ISLAMABAD: Pakistan needs $459.7 million to assist the urgent requirement of the population affected by the floods, a UN official said on Thursday, appealing to donors to generously step up and donate to help Pakistan in the worst natural disaster in the history of the country in terms of number of people affected.
“It is a race against time as we rush to deliver supplies to affected populations. Waters are still rising and we are bracing for flood waves as rivers overflow and rains continue,” said Humanitarian Coordinator UN Pakistan, Martin Mogwanja.
Heading a press conference, he also reported the launch of the Pakistan Initial Floods Emergency Response Plan (PIFERP). So far, donor agencies have contributed $47.8 million to the response activities of the international Humanitarian organizations, and a further $99.5 million has been pledged. Over $70 million of these amounts has already allocated to activities contained in PIFERP.
According to the government more than 14 million people have been affected by the floods so far. “Humanitarian agencies in Pakistan need to get more active, if we don’t manage soon enough the suffering would rise, many would be left homeless and more lives will be lost,” said Mogwanja.
According to the official, shelter is the most needed cluster. $105 million is required to provide tents or plastic sheeting as well as household goods for an initial target of over 2 million people. More than 65,000 tents have already been delivered covering at least 450,000 people, along with plastic sheets for an estimated 60,000 people.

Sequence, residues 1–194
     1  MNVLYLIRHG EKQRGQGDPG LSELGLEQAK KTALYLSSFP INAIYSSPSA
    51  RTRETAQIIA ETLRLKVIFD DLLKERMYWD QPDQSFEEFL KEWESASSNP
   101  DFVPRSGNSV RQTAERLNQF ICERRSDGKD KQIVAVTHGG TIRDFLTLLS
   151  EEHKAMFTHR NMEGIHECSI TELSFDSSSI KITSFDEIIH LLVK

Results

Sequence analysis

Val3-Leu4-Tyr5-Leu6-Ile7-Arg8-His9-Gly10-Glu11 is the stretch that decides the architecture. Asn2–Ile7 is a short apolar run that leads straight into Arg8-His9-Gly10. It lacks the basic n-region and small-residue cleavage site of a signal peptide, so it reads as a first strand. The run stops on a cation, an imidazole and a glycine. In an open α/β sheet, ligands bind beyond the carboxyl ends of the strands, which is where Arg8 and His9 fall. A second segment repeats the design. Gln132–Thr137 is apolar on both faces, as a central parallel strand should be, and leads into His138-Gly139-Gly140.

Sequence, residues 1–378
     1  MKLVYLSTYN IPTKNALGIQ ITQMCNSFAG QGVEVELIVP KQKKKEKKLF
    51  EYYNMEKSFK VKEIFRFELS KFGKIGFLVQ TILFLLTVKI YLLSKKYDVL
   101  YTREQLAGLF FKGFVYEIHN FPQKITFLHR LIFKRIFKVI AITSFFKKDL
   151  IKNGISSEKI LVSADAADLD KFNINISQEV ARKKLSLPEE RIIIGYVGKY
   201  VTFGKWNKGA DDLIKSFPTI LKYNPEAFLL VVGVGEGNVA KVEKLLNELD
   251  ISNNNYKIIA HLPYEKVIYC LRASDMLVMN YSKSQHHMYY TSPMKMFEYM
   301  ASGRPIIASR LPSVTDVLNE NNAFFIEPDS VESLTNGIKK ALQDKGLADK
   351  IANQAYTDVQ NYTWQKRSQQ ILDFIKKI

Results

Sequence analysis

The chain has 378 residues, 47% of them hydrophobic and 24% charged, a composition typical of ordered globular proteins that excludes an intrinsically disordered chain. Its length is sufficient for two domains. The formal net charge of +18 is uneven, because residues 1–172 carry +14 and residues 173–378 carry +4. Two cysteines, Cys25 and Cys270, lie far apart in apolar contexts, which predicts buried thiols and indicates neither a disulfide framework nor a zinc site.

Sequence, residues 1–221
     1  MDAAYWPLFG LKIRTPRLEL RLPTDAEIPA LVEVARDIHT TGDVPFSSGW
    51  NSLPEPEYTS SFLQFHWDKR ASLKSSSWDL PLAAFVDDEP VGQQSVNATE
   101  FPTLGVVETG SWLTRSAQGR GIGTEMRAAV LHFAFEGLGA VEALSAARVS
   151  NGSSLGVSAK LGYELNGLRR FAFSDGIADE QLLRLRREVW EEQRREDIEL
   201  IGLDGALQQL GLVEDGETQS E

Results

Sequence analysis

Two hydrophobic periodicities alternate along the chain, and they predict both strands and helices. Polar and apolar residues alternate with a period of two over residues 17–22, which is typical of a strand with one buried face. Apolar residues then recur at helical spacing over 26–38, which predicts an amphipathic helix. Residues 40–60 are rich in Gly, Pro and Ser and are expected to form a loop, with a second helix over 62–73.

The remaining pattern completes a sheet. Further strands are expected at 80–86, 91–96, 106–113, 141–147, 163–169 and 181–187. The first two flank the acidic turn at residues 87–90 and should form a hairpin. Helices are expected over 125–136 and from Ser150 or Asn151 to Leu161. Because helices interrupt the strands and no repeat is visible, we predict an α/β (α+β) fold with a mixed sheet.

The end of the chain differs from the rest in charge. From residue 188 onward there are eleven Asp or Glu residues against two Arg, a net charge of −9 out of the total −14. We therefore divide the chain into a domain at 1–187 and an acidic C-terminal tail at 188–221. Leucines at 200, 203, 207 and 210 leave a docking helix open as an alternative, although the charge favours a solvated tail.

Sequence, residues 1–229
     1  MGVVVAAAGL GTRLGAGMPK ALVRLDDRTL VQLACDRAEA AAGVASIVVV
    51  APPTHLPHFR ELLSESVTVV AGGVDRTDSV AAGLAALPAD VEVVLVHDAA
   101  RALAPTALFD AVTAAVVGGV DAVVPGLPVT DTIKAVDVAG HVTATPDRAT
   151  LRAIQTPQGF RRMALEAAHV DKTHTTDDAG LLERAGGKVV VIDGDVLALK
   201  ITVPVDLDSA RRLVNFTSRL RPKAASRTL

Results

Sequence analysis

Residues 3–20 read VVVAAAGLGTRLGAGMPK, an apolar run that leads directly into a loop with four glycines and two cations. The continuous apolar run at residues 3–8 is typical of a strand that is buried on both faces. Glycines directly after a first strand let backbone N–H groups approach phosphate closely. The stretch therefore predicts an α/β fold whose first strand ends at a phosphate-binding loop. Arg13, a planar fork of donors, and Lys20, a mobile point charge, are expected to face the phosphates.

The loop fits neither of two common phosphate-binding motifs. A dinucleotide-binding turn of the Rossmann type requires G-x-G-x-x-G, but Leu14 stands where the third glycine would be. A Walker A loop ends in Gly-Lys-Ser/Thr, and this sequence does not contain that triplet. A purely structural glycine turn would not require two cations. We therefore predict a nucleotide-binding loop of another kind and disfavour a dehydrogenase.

Food assistance will require $150.5 million, while $5.7 million will be needed for the survival of livestock. WFP and its partners have delivered food for at least 370,000 people, including those residing in remote areas of Swat.
Clean water will cost $110 million to prevent water borne diseases, while $14.2 million is needed for emergency health care to ensure proper nutrition for children under the age of five.
Officials have warned of further devastation, while the number of affected people rises. “We have only witnessed 30 per cent of the expected monsoons, more rains and floods are expected especially in Sindh,” said Spokesperson National Disaster Management Authority (NDMA) Ahmed Kamal said.
“We have 55 helicopters in the field and more are coming in – four from Afghanistan, three from the UAE, six from the US,” said Kamal when asked about facilities. Meanwhile in Karachi, a chartered airliner carrying 100 tons of emergency relief items sent by United Nations Children’s Fund (Unicef) arrived on Thursday, worth $360,000.
“Unicef’s main supply warehouse in Copenhagen sent these items to support our ongoing relief activities in flood-affected areas,” said UNICEF Chief Field Office Sindh, Andro Shilakadze.
“It is first major shipment of emergency supplies and we expect more to arrive in coming days. Since our prepositioned supplies in one of major warehouses were washed out by floods, supplies received today were urgently needed. We will shift items to affected areas for immediate distribution among affected population in Sindh, especially women and children”, he added.
As figures continue to rise, Unicef estimates 6 million children have been affected by floods in Pakistan with some 2.7 million children in need of urgent, life-saving assistance. (ADDITIONAL INPUT FROM PPI)
Published in The Express Tribune, August 13th, 2010.
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